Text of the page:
The Japanese Bon Festival
There are many traditions, festivals and customs in the Japanese culture but one of the most popular events is The Bon Festival! The Bon Festival is a festival that has been happening for over 500 years in Japan. The reason people have the Bon Festival is too honour the spirits/ancestors that have died within a family.
Many people wonder where the Bon Festival came from or why it’s known as the “The Bon Festival”. The Bon Festival is named after a follower (disciple) of the Buddha, whose name was Maha Maudgalyayana (Also known as Mokuren). This disciple was believed to use super-natural powers to look upon his dead mother. When he did this, he discovered that his mother had fallen into “The Realm Of Hungry Ghosts” and had suffered. The man was so upset that he went to the Buddha and asked him what to do. The Buddha said that he needed to give offerings(Ex: Food and water) to Buddhist Monks who had completed their summer retreat to be able to release his mother. He did this very thing and he was said to have released his mother. Once his mother was released, Mokuren learned that his mother’s life was filled with unselfishness and many sacrifices for others. From there on, Mokuren was always giving and unselfish to everyone he met. This has all taught me that Festivals all mean more than the pretty lights and parades. There is more meaning and a story behind every fun event.
The Bon Festival has many traditions that are meant to show such things as respect and welcomes or good-byes. One of those traditions is the “Bon Odori”. The Bon Odori is a famous dance in Japan that means “Bon Dance”. The dance was originated in the Muromachi Period as an entertainment dance. Sadly, the religious significance of the Bon Odori has worn off and is now associated with summer. The reason for this dance is to welcome the Spirits of The Dead to the festival grounds. Now, this dance isn’t the same all across Japan! In fact, the dance at each festival is different within each region. But the one popular way the dance is usually performed is having many people line up in a circle around a high wooden scaffold called a “Yagura”. Dances can also include props such as fans or towels called “Tenugui”. The music also changes from region to region. The songs that are played are usually spiritual messages about Obon or famous Japanese folk songs. I think having Traditional dances at Festivals adds not only entertainment but a chance for families and friends to spend time together, doing something fun!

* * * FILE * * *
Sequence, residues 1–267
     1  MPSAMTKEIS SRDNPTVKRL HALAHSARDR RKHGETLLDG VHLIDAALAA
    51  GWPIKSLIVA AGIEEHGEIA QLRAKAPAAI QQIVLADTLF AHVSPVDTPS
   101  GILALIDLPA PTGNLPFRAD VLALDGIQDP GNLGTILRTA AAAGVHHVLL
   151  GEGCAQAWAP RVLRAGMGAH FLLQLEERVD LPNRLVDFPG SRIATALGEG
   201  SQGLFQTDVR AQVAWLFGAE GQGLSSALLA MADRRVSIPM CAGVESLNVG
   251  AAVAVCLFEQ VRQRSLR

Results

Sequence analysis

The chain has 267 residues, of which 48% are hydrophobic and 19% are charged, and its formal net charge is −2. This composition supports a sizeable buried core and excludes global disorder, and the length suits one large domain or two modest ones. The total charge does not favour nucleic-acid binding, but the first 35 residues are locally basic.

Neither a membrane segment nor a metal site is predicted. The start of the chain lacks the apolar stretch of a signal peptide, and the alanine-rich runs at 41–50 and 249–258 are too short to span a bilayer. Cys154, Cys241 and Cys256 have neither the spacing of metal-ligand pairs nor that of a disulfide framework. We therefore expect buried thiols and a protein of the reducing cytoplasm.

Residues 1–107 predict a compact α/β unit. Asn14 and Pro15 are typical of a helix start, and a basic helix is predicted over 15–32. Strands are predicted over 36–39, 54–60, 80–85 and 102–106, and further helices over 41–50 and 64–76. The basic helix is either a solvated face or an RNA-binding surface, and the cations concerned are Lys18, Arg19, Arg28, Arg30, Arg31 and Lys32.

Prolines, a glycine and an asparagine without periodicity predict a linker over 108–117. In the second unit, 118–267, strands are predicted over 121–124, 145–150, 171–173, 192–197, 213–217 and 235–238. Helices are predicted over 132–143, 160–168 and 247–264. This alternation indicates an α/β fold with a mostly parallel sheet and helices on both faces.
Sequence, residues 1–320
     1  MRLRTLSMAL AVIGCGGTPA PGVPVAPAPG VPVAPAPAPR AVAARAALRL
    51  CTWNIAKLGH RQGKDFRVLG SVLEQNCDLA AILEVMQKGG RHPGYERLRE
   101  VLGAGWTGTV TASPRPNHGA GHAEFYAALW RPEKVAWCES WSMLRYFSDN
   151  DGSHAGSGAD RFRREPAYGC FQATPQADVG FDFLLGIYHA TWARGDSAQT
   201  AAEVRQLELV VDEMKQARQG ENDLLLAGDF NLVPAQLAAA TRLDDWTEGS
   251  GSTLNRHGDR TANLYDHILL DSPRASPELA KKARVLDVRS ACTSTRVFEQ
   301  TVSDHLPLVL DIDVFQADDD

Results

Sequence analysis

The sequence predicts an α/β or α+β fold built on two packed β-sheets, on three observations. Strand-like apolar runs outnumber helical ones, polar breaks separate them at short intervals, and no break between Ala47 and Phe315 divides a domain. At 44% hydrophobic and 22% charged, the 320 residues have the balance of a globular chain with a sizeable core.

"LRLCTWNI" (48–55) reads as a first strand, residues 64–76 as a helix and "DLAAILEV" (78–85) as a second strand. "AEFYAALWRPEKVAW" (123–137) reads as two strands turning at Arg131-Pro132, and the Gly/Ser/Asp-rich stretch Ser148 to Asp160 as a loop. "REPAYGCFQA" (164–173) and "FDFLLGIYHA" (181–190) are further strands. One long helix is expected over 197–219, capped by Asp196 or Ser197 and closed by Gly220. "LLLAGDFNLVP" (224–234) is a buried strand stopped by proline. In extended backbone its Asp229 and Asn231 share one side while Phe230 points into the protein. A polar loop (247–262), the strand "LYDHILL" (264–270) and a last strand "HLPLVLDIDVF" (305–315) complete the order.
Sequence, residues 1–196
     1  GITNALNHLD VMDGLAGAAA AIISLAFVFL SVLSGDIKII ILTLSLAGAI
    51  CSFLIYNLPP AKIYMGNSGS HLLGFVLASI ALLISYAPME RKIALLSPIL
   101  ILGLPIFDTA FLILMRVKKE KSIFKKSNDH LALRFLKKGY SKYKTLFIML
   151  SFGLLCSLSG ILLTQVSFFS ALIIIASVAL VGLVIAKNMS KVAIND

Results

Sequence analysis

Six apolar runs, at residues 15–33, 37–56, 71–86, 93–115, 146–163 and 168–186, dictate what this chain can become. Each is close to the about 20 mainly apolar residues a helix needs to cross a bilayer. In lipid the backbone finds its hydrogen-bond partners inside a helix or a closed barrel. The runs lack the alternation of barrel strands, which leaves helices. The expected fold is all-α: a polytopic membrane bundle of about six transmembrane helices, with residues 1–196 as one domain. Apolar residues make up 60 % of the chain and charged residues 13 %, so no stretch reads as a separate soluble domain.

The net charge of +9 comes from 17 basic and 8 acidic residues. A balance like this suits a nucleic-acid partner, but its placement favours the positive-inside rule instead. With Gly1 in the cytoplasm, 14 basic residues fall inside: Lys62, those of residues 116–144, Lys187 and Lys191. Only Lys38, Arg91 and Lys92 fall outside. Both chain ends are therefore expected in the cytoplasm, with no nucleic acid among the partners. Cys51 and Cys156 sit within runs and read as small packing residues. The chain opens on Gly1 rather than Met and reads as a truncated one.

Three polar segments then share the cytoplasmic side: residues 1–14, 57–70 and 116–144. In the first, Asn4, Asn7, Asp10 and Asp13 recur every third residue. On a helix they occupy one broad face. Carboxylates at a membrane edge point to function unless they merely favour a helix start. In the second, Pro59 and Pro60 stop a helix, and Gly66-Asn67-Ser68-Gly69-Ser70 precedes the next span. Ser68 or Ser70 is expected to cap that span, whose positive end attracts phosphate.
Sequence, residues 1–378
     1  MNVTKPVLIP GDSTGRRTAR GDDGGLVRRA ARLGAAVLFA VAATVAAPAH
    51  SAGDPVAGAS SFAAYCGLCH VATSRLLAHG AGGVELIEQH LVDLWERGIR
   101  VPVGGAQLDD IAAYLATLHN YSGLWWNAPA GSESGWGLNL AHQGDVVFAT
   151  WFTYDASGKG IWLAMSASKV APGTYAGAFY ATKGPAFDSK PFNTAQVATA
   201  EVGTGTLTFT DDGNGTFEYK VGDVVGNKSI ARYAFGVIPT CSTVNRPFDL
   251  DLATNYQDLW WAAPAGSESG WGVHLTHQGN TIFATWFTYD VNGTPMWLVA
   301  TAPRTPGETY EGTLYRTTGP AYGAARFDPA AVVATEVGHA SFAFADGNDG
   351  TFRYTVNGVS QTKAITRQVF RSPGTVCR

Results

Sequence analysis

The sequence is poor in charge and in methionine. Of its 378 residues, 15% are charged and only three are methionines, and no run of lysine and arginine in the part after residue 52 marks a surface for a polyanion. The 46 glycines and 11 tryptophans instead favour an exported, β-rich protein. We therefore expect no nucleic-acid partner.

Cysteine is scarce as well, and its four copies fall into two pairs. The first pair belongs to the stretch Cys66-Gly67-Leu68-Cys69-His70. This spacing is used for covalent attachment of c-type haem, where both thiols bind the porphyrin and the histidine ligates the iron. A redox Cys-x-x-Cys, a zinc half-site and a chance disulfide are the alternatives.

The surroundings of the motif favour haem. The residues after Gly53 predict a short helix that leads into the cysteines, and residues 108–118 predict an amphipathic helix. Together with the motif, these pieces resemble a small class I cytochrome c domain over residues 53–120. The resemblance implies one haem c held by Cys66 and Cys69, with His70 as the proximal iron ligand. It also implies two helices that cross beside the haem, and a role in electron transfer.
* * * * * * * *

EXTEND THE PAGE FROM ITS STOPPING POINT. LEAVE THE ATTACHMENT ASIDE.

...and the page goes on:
The festival is a very important event around Japan, that also requires work and support from families. One of the things Japanese families must do over the days of the festival is clean their houses to look neat and tidy. In the Buddhist religion, being clean yourself, and having clean surroundings represents purity. Japanese families also present different offerings including such things as fruits and vegetables to the spirits of their dead ancestors in front of a Buddhist Altar (a place where Buddhists worship and pray.) On the first day of Obon, special chochin lanterns are hung around the insides of households by Japanese families and visit ancestors grave to bring their spirits back home. In some cases, fires called “mukae-bi” to lead the spirits to their homes and families. After Obon is over, the families bring the spirits back to their graves with a chochin that has a family symbol painted onto it, so the spirits can come back next year. I think the series of events that happen during Obon are very interesting because they are so much different than traditions that someone who was Christian would do, here in Canada. I enjoy learning about Japanese cultures because when you compare Canadian cultures, there are many similarities!
The Bon Festival is something I would like to participate in for many reasons, which include, having a reason for celebrating, having a traditional dance that anyone can participate in and having a special series of events that happen every year during the festival!